Paris

“Le Travail de mémoire”

Parc de la Villette

In a year of seemingly nonstop commemorations in France (the Edict of Nantes, the abolition of slavery in the French colonies, May ’68), the Parc de la Villette organized a timely if provocative program of photo exhibits and panel discussions invoking less glorious aspects of recent history under the collective title “1914–1998, Le travail de memoire” (1914–1998: The work of remembering). Visitors were greeted at the entrance to one of the two exhibition sites by a lengthy quote from Walter Benjamin on the necessity of “working” memory as one works the land, but a single sentence from one of Benjamin’s “Theses on the Philosophy of History” might have been even more apt: “There is no document of civilization that is not at the same time a document of barbarism.” The photographic “documents” presented all confronted viewers with the barbarism of this century, from World War I to contemporary carnage in the former Yugoslavia, Chechenya, Rwanda, and Algeria.

Two of the three exhibits, “Un devoir de mémoire” (A duty to remember) and “S21 ou le cauchemar cambodgien” (S21 or the Cambodian nightmare), were originally mounted at the 1997 Arles International Photography Festival. Curated by Christian Caujolle, the festival’s artistic director that year, the installations were intended to question not simply the role of the photograph in the making of memory but the entire chain of transmission—and responsibility—from photographer to viewer, whether it be via the photo agency and the press, the book publisher, the art gallery and museum, or the family album.

At La Villette, as in Arles, the images juxtaposed ranged from “raw” press photos of Algeria by prizewinning Agence France Presse photojournalist Hossine Z. to the aestheticized Polaroid fictions of David Levinthal’s Holocaust series “Mein Kampf” (or even the non-image of Walter Benjamin’s text, which turned out to be a 1996 wall painting by Joseph Kosuth). And in an adjacent space, the 100 black-and-white “portraits” from the Cambodian detention/torture center S21 were in fact a selection of the ID photos that had served to document the passage of thousands of Khmer Rouge victims.

The questions such contrasts raised about the photographer’s stance were reinforced by the way the images themselves were displayed. Some were simply tacked to the wall (e.g., the press-service photos from Algeria, complete with their journalistic captions), others blown up and mounted on pasteboard (snapshots and other amateur photos of different communities targeted by the Nazis—Jews, Gypsies, Communists, Freemasons—as well as an image of a homosexual dance hall taken by Brassaï in the ’30s). Still others were framed with the varying degrees of elegance that commonly distinguish “works of art” from “photo essays” but here served to blur the boundaries between them, as with the excruciatingly beautiful images of the dead and dying taken at Nagasaki by photojournalist Yosuke Yamahata four days after the American A-bomb attack, a number of which were enlarged to the scale of paintings.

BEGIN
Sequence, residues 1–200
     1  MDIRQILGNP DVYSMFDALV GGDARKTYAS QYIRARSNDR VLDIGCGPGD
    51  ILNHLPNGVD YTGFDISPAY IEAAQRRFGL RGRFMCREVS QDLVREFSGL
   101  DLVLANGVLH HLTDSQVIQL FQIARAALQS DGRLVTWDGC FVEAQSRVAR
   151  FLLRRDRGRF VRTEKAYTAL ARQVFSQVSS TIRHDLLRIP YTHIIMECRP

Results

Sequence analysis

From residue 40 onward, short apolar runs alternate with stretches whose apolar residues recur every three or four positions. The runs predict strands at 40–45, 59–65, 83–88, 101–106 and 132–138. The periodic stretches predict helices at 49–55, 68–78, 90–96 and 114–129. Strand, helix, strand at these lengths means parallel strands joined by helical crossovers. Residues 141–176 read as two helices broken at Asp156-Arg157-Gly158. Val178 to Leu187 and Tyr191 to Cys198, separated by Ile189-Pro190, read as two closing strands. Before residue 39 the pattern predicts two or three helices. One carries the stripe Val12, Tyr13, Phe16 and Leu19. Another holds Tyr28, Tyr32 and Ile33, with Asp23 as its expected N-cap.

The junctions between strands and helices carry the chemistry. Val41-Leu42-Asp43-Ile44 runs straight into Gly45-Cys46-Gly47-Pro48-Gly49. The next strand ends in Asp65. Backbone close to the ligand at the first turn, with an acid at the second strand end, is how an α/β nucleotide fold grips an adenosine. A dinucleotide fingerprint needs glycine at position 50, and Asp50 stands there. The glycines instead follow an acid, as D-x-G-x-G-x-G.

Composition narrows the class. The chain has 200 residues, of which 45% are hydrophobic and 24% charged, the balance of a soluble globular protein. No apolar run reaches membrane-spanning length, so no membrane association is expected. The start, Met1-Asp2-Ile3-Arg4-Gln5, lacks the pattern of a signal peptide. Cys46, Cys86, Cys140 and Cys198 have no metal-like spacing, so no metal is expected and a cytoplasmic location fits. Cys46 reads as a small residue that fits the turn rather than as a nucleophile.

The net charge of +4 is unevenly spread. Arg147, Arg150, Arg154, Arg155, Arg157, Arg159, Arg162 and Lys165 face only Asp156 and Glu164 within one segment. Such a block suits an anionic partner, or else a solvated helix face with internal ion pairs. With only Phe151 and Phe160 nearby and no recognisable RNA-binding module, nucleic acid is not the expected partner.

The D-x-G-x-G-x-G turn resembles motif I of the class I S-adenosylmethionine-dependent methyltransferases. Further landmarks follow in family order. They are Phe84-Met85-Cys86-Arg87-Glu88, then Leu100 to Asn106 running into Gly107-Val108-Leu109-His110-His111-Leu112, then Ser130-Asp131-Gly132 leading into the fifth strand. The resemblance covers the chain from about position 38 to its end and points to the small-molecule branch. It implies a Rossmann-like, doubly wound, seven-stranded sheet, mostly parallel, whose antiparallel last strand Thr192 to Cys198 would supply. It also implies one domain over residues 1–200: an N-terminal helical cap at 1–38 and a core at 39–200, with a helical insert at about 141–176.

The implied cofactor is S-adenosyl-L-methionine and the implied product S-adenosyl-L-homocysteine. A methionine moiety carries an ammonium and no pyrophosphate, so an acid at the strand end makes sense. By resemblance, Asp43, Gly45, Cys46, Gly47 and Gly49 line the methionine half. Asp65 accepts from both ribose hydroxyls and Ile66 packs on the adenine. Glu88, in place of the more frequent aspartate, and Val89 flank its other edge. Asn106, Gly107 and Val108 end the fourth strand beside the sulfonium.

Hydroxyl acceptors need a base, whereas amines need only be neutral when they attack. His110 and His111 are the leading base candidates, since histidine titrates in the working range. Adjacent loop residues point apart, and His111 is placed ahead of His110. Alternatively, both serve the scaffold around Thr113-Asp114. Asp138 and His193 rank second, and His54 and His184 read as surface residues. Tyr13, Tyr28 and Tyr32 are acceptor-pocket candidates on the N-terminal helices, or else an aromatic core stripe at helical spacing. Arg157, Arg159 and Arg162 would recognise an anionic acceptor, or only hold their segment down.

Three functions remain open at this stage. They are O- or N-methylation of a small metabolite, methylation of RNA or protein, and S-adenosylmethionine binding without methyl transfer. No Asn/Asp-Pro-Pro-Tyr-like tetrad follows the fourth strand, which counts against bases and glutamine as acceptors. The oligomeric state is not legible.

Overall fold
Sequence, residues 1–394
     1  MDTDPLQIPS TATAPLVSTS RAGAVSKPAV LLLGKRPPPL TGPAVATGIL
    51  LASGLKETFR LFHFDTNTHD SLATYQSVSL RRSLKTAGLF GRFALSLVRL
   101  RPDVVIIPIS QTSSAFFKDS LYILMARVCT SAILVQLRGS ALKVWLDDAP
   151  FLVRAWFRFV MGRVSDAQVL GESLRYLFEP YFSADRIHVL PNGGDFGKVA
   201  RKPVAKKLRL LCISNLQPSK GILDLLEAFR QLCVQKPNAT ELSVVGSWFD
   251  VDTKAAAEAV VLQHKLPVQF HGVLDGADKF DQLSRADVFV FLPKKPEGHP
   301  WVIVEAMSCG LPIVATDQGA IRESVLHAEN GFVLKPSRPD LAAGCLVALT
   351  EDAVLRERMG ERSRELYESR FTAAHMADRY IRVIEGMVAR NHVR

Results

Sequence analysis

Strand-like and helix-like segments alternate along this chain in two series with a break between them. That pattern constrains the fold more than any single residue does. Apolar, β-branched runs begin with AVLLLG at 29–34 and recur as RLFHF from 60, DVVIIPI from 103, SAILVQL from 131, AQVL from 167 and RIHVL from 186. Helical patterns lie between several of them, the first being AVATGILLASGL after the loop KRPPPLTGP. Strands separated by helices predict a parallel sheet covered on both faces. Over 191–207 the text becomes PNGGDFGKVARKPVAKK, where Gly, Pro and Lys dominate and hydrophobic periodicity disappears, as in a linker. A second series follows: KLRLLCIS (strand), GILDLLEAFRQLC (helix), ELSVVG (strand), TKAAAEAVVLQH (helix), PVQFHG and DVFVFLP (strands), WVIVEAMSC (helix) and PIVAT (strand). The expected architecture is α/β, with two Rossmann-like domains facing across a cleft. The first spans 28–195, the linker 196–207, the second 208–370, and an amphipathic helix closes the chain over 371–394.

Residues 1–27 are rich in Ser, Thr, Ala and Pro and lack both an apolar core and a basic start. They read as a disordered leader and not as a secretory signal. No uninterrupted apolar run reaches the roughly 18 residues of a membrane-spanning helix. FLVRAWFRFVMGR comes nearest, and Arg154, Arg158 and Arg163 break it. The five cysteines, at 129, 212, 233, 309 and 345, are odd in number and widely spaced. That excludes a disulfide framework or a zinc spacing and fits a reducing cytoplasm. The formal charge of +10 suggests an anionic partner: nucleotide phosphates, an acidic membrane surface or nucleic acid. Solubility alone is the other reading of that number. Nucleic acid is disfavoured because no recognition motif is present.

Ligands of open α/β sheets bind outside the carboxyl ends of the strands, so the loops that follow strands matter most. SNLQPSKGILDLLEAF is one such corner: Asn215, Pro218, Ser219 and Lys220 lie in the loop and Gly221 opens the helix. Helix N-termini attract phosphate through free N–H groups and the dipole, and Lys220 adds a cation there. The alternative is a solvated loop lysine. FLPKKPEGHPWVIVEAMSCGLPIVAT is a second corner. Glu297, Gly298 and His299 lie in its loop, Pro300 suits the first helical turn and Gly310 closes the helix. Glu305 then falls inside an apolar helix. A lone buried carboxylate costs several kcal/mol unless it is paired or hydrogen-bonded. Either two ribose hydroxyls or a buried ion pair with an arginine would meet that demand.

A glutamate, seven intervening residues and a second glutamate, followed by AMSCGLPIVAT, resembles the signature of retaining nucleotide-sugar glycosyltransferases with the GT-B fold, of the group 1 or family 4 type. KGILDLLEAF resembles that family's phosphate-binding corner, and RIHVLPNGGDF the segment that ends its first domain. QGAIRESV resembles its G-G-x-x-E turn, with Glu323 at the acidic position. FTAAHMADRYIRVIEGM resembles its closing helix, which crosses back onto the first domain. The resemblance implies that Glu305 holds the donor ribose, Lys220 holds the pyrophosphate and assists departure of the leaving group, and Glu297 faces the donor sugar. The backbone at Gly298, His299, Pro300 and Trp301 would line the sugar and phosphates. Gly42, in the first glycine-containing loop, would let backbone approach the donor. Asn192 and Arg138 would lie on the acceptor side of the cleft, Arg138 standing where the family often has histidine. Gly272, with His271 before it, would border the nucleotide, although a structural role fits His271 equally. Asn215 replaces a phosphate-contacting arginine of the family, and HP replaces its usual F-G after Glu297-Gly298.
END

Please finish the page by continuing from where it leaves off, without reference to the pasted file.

This aestheticization of horror was one of the most troubling aspects of “Un devoir de mémoire.” But if such a confrontation between artistic form and historical content was deliberately staged in the two sections organized by Caujolle, it was clearly unintended—and all the more disturbing—in the third, a site-specific installation by Magnum photographer Gilles Peress entitled Bosnia avant/après guerre (Pre/postwar Bosnia, 1998). With the stated aim of “breaking the silence of indifference” toward war crimes, and especially war criminals, in the former Yugoslavia, Peress filled the two levels of the chapel-like Maison de La Villette with giant black-and-white photographs documenting the exhumation of mass graves near Srebrenica and Vukovar. Notwithstanding the wealth of texts accompanying them, the stylized images and their theatrical display (including three photomontages printed on cloth and suspended bannerlike under the dome) seemed singularly inappropriate to their subject.

In its very excess, Peress’ installation highlighted the difficulties inherent in any “work of remembering,” photographic or otherwise. In fact, there is probably a limit to the amount of horror human beings can view, much less remember (compare the curious omissions of France’s most painful memories, Vichy and the Algerian War, from “Un devoir de mémoire”). And more important, memory is one thing and action another; it is not simply the victims who need to be remembered, but also their executioners, and all those who chose to remain spectators.

Miriam Rosen